By Matt Laslo
Friends and family of civil rights leader Ronald E. Walters say they are trying to remember his legacy through action. Walters died this month at the age of 72.
Even while dying of cancer Walters spent time educating people about civil rights. In the 50's and 60's he helped protest segregation throughout the United States. Walters went on to teach at Howard University and the University of Maryland.
At a funeral Monday, leaders of the Congressional black Caucus praised Walters as a leader and a source of ideas. Reverend Jesse Jackson gave his eulogy.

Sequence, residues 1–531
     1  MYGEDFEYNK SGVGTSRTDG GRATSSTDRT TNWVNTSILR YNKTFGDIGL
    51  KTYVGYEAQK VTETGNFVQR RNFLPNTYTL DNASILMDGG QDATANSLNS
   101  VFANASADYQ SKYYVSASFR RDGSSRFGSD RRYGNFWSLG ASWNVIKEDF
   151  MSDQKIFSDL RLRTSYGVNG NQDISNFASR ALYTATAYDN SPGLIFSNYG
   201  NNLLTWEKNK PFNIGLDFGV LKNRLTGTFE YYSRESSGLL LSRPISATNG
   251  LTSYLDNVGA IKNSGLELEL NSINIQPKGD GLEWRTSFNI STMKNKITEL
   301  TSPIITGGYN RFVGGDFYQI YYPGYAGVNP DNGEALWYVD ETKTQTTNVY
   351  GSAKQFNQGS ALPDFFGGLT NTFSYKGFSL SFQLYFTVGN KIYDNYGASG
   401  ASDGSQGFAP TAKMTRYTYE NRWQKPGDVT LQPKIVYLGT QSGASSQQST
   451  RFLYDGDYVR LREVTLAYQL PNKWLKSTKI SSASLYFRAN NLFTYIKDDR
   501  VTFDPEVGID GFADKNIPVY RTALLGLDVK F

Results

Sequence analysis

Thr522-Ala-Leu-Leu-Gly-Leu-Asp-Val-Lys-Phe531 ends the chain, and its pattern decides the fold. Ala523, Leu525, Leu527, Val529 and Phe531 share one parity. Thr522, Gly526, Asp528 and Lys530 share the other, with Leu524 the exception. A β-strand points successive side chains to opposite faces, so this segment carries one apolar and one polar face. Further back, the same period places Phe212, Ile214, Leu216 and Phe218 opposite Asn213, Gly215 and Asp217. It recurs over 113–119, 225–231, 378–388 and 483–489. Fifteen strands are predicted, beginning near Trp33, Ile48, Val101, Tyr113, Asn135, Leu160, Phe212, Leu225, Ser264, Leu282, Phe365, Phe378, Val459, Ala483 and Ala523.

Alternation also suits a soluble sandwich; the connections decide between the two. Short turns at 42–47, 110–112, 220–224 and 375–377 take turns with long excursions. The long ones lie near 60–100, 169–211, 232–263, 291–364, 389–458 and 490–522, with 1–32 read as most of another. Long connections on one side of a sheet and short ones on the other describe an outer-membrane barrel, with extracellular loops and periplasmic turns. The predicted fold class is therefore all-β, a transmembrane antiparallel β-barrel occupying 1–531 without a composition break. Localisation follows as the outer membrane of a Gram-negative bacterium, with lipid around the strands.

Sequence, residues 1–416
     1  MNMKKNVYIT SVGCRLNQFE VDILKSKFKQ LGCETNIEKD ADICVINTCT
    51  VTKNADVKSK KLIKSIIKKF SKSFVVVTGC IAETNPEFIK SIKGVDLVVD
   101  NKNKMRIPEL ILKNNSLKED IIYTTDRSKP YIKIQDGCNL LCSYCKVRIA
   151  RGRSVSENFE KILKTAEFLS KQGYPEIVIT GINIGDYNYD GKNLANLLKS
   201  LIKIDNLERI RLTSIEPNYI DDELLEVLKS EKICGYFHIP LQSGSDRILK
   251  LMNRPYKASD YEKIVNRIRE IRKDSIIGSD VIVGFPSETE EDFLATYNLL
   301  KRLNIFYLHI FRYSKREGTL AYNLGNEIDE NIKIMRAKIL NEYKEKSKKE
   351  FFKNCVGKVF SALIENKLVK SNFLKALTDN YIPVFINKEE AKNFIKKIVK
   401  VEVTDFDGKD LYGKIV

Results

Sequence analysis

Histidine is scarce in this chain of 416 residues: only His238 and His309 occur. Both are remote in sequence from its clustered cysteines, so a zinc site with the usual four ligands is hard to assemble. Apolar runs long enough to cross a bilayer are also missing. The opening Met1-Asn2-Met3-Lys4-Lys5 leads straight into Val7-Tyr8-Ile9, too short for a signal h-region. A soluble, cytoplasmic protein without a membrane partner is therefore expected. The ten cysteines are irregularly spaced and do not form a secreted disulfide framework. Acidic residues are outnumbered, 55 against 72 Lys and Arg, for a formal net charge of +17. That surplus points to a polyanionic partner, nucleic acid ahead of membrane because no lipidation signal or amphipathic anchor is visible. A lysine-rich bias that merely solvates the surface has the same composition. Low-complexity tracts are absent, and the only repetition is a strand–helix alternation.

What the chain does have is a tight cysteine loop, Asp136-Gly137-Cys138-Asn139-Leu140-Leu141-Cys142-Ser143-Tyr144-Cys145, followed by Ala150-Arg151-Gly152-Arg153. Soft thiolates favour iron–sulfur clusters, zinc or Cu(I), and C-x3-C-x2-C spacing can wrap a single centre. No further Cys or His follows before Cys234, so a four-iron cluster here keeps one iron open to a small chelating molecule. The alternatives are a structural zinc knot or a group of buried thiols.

"He was always there. A real scholar, activist, servant," says Jackson.
Gary Flowers, the CEO of the Black Leadership Forum, says Walters must be remembered through continuing to fight for civil rights reforms.
"The civil right movement is still going because there are still meaningful demonstrative gaps in society:in education, in jobs, in health, and that's why we must stay on the battlefield," says Flowers.
Walters was buried at the Gate of Heaven Cemetery in Silver Spring, Maryland.